I get a lot of requests for follow-ups to reader stories and reader questions. People want to hear how things turned out. Because I want to know how things turned out, too, I’ve started a semi-regular feature at Get Rich Slowly. Whenever I hear back from a previous poster, I’ll share an update so that we can all know what happened.

Max wrote in July of 2009 to ask if he should save more or see the world. My advice was to sell his house, put half of his profit in savings, and then use the rest to travel on the cheap. Though some of the 166 reader comments urged caution, most encouraged Max to follow his dream. (Please read the previous post for details on Max’s situation.)

Well, Max wrote recently with an update on his decision:

For starters, I’d like to thank the hundreds of commenters who provided wise and valuable advice. I’ve taken some time to consider their responses and properly evaluate my options.

I decided to keep the condo an extra year, then put it up for sale. It took a few months, but the condo finally sold and left me with nearly $30,000.

After a year of reviewing my options, I’ve taken the plunge, quit my job, and booked a flight to Japan. I even started taking Japanese lessons to prepare for the trip. I’ll then be heading to Australia for one year to enjoy the warmer climate. Thanks to my recently granted Australian work/holiday visa, I’ll be able to work and ensure I don’t completely drain my bank account.

Honestly, I have no idea what I’m doing, but I think that’s what motivated me to make this decision. There’s a feeling of freedom knowing I can roam a strange territory and choose the type of work I do, for pleasure as opposed to necessity. As many others have mentioned, worst case I spend everything and return to the same point I was before I left, but with a ton of priceless experiences, and an additional spoken language.

In regards to investments, I opted to place half my money into a conservative low-risk savings account generating little interest, but allowing me to withdraw the funds at any moment without penalty. As I mentioned in my previous email, I’m interested in working on one of my business ideas, and I feel more secure investing those funds in myself (my business) as opposed to someone else’s business. It’s a much higher risk, but at least I’ll have full control over it, and I’m willing to accept the consequences if I fail.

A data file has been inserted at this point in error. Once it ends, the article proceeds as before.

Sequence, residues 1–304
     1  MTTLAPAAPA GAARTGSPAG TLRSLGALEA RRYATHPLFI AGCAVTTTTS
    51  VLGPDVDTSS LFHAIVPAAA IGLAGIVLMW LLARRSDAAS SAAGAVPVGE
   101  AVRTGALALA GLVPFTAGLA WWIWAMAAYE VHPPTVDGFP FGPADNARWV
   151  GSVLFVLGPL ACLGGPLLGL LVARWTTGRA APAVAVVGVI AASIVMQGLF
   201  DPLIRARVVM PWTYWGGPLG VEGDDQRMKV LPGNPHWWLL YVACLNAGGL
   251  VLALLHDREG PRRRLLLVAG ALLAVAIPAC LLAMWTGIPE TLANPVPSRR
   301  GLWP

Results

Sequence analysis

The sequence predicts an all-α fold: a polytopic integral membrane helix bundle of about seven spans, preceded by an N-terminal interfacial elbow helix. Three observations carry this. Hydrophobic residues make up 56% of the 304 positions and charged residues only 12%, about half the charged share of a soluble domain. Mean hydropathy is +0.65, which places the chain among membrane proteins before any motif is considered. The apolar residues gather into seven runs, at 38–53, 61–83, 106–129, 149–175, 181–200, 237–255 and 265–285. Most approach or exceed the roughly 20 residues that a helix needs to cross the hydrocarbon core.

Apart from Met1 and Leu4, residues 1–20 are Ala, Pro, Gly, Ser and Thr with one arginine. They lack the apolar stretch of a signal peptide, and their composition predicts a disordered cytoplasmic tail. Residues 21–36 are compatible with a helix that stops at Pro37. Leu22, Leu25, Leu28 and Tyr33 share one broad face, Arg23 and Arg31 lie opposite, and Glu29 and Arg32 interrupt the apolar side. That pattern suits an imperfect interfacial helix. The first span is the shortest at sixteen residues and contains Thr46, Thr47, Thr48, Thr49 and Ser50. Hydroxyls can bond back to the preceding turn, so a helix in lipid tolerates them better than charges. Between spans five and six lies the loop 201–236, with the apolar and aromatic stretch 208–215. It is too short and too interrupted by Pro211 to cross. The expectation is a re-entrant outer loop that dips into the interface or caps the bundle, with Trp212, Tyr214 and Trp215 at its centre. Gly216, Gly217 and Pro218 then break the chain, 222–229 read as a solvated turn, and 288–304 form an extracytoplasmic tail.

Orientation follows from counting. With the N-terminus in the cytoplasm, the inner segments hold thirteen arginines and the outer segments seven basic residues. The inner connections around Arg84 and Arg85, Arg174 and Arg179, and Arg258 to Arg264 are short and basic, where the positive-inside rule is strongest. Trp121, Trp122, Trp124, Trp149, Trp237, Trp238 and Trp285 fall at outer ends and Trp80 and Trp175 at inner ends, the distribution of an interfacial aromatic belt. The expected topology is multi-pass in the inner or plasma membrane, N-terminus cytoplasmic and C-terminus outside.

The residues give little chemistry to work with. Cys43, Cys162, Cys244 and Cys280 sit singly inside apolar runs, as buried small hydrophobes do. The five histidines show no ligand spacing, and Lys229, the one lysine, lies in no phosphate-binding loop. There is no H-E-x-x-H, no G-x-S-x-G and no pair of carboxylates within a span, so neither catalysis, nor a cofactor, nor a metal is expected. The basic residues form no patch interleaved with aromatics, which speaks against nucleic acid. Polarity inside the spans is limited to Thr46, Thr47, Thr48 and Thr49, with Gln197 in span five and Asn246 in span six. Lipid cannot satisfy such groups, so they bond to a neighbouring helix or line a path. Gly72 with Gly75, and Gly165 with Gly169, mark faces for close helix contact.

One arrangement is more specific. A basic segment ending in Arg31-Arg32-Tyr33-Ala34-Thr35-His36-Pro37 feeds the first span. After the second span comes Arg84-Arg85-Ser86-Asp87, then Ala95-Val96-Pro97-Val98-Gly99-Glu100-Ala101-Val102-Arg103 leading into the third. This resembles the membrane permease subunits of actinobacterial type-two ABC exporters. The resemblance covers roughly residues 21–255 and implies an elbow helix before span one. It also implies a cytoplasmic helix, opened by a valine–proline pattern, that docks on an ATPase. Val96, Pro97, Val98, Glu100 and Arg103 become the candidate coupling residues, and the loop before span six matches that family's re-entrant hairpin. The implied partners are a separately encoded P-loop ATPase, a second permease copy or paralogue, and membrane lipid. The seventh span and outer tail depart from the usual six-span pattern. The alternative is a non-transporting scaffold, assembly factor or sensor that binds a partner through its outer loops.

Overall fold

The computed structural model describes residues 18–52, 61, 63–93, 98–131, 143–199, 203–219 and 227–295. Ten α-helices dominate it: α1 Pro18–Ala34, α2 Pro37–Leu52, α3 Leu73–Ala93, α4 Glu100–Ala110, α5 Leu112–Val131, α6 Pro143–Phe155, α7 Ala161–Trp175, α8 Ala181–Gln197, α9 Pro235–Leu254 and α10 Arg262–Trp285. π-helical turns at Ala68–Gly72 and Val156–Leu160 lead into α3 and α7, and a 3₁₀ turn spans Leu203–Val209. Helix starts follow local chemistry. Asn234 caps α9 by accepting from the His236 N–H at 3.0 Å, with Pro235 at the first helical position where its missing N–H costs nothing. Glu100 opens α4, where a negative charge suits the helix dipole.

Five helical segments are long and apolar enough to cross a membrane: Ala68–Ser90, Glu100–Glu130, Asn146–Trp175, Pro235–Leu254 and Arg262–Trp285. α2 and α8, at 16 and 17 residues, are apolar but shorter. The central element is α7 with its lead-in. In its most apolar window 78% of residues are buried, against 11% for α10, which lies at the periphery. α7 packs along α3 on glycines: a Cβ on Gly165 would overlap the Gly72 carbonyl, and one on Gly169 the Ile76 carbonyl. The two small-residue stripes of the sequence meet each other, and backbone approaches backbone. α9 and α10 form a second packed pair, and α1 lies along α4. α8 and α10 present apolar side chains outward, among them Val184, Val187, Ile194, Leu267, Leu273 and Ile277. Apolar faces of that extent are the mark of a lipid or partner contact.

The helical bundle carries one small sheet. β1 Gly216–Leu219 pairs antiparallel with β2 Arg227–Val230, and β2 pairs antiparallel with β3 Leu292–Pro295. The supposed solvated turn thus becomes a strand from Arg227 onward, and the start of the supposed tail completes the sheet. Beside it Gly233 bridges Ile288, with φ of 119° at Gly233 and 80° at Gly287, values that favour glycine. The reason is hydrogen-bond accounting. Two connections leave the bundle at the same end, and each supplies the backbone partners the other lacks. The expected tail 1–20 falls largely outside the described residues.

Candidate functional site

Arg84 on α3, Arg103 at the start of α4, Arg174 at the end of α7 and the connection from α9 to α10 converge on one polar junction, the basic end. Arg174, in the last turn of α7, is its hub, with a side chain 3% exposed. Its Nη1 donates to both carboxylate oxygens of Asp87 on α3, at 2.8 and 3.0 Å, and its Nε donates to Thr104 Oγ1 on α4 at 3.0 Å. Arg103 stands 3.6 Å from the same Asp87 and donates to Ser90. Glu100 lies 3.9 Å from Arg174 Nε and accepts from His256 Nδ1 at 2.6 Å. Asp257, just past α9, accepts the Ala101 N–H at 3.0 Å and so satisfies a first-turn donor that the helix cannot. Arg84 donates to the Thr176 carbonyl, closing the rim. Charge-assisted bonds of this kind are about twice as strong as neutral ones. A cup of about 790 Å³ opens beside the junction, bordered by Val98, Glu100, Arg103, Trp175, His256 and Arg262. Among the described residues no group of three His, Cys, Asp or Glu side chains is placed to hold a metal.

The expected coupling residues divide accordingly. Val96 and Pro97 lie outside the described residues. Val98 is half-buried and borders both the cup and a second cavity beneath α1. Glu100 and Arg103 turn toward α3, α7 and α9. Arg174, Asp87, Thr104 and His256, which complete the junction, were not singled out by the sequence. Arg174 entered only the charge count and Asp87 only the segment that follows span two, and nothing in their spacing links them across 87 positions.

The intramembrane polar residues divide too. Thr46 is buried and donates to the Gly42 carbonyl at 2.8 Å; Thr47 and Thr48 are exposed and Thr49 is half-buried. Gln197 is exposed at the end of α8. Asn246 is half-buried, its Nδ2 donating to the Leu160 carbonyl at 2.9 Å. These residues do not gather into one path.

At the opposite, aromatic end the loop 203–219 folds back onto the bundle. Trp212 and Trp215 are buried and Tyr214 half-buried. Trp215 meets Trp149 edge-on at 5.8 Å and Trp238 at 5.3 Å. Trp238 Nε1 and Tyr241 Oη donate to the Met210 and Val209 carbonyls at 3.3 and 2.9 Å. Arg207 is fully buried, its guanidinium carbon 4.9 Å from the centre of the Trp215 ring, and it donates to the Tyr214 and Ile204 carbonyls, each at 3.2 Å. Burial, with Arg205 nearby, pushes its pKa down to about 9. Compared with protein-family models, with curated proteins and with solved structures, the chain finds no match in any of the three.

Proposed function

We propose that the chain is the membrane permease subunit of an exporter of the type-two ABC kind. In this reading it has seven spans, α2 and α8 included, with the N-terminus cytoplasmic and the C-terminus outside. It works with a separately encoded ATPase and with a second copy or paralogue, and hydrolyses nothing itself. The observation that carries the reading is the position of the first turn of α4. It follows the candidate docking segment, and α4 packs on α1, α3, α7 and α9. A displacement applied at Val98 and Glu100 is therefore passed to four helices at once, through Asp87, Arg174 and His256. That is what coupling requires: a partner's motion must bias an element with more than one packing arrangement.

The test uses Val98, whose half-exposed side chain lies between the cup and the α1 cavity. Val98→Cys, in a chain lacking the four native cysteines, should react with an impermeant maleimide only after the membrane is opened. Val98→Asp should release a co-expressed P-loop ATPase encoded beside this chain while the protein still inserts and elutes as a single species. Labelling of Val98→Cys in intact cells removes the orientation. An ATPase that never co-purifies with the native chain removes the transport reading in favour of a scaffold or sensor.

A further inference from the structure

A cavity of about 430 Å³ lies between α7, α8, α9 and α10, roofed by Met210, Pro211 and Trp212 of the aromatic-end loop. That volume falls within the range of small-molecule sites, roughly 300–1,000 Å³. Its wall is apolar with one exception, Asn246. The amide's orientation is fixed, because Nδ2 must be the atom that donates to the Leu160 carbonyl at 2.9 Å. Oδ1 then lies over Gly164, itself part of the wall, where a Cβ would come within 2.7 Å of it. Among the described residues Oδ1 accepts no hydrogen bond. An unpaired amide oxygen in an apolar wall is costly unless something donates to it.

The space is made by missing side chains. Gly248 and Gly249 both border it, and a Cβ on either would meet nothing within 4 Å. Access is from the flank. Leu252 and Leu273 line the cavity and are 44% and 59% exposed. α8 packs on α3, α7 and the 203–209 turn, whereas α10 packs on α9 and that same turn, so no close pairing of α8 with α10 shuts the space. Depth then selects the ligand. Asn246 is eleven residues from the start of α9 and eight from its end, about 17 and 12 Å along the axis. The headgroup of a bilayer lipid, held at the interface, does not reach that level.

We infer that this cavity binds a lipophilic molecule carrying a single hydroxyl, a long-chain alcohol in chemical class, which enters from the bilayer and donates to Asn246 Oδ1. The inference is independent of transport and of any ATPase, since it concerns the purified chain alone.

Thanks a lot for your reply and comments. It’s greatly appreciated.

To be honest, I’m jealous. I wish I had done something similar when I was Max’s age. But I couldn’t. I was deep in debt. Max has made some smart choices, and these have put him in a position to follow a dream. Best wishes, Max, and drop us a line again in a couple of years so we can follow your progress.

If you have shared a reader story at GRS (or asked a question), please feel free to send me a follow-up to let us know how things turned out, whether for good or ill. This is a great way for us all to see how well (or poorly) the Get Rich Slowly philosophy works when put into action.

Note: Most of these follow-ups will be brief updates, and probably won’t produce extensive discussion. Because of this, I plan to post them on Friday afternoons. I meant to post this one in February during my unofficial “travel week” at GRS, but I forgot. That’s just how I am.

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